The Green Anole

The Green Anole

*During the early 2000’s, Linda Adams, a former resident of TGO, wrote a series of articles for the TGO Nature Center titled “a Page From Nature”.  This article was a part of that series and was published sometime in 2002 – 2003.  The original article did not include any photographs so I added a photo (click on the photo to enlarge).  Enjoy!

 

TGO Nature Center, Nature, Education, Reptiles, Lizards, Green Anole, Titusville, Florida

Photo Courtesy of Darlene Durham

 

Although often called a “chameleon”, Florida’s Green Anole is not related to the true African and Madagascan chameleons whose tails coil into spirals and whose eyeballs move independently of one another. The native Florida Green Anole acquired the label “chameleon” only because, like a true chameleon, it can change its color quickly from green to brown.

Three factors stimulate the Green Anole to change color: camouflage, temperature, and emotions. When an anole is on green vegetation or a light background it is usually green. As it moves onto tree bark or another dark background, it turns brown. The prominent blue eye ring disappears when the Green Mole changes its color to brown. In weather over 70 degrees; the anole tends to remain green most of the time. Cold weather makes it turn brown. Strangely enough, emotions also enter the picture. If two males have a territorial dispute, the winner turns bright green and the loser turns brown. Green seems associated with positive behavior or feelings. Brown is “down”. The mechanism that controls the color change is the hormone intermedin, which is secreted into the blood by the pituitary gland. This hormone is carried by the bloodstream to special color cells where it causes changes in the concentrations of pigments. The pituitary gland is near the part of the anole’s brain responsible for emotions.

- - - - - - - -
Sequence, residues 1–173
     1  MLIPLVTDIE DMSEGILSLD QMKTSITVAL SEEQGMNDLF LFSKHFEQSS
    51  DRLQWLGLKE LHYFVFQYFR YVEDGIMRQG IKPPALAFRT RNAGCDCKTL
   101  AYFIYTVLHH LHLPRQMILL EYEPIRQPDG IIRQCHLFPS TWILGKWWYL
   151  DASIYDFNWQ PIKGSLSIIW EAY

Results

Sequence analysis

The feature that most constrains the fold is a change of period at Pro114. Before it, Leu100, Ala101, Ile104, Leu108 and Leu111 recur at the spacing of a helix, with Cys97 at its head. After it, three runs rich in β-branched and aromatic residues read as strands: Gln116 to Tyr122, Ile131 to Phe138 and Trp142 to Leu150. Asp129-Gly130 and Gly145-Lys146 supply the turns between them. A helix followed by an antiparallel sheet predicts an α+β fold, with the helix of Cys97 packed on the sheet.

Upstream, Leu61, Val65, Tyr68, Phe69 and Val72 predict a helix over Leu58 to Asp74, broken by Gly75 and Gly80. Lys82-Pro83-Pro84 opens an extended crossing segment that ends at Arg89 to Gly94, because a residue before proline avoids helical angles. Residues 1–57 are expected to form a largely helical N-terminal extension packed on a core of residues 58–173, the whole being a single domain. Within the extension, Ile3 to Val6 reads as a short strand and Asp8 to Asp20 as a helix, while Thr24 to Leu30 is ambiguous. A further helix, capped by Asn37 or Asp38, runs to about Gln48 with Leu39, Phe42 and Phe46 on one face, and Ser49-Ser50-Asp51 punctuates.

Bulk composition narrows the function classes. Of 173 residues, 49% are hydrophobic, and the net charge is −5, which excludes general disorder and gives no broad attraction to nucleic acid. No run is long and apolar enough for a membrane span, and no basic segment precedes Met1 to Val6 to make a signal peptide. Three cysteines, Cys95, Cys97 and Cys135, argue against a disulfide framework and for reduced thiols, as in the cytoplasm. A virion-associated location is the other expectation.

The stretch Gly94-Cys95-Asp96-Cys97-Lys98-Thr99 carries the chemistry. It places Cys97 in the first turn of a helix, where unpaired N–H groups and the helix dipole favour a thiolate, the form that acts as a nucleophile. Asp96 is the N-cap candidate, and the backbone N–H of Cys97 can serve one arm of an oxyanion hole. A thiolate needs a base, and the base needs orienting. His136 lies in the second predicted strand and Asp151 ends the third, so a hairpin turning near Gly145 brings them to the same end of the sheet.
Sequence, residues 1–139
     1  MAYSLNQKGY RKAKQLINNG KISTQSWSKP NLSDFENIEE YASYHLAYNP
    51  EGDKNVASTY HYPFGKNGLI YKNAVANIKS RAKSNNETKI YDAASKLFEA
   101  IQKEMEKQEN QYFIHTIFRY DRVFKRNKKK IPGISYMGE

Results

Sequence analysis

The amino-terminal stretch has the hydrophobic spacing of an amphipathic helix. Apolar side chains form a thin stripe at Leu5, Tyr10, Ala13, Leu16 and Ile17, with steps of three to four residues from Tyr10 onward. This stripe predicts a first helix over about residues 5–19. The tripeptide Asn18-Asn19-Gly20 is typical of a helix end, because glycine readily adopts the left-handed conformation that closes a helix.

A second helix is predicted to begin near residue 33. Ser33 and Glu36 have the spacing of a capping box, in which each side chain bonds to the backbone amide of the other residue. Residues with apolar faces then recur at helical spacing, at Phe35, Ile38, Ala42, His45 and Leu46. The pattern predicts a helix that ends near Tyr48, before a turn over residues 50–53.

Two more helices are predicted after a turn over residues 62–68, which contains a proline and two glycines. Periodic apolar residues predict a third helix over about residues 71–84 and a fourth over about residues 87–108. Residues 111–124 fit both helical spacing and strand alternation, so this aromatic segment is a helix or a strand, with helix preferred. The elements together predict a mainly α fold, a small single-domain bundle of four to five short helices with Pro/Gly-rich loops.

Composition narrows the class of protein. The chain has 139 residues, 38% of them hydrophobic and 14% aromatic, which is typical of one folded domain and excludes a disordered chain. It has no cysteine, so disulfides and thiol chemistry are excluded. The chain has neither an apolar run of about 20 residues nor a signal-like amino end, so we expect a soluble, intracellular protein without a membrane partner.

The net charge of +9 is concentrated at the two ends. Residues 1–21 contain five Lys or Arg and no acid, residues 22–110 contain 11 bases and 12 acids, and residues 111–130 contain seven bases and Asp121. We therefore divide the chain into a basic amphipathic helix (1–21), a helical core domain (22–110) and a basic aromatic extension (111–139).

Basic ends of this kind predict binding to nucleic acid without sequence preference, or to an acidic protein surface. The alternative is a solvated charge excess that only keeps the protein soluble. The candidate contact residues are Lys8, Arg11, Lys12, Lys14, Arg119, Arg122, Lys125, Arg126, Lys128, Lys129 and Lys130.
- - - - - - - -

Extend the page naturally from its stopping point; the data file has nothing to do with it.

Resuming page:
Both male and female anoles have a dewlap (throat fan), but it is much larger in the males. It is hardly noticed when folded up; but becomes prominent and flashy when extended by the lever action of muscles and bone. The dewlap is not inflated but is forced outward as the hyoid bone is stretched like a bow. This reveals colorful scales, usually pink or gray. This is an example of bright coloration that is useful for threats, courtship, and defending territory. A particular sequence of head bobbing and dewlap-extension displays is unique to each species and helps lizards recognize their own kind.

This beautiful lizard is usually seen in low foliage and on buildings and fences, rarely on the ground. The lifespan of the Green Anole is 2-3 years. They have long toes with adhesive toe pads and claws enabling them to climb easily on any surface, even glass. Their excellent vision helps them hunt insects. Lizards do not chew their food; but swallow it whole. Anoles shed their skin, but the old skin does not come off in one piece like that of a snake. It also has ear openings and moveable eyelids snakes do not.

The Cuban Brown Anole is an introduced species of anole that can only change color from brown to dark-brown or brown to black, never green. It is becoming more common in Florida due to the high reproductive rate and their eggs being transported with the shipping of tropical plants.

(Information Source: Florida’s Fabulous Reptiles and Amphibians)

(Column Prepared By: Linda Adams)

If you would like to see more photos of green anoles, click on Green Anole Photo Album.

TGO Nature Center – “Living in Harmony with Nature

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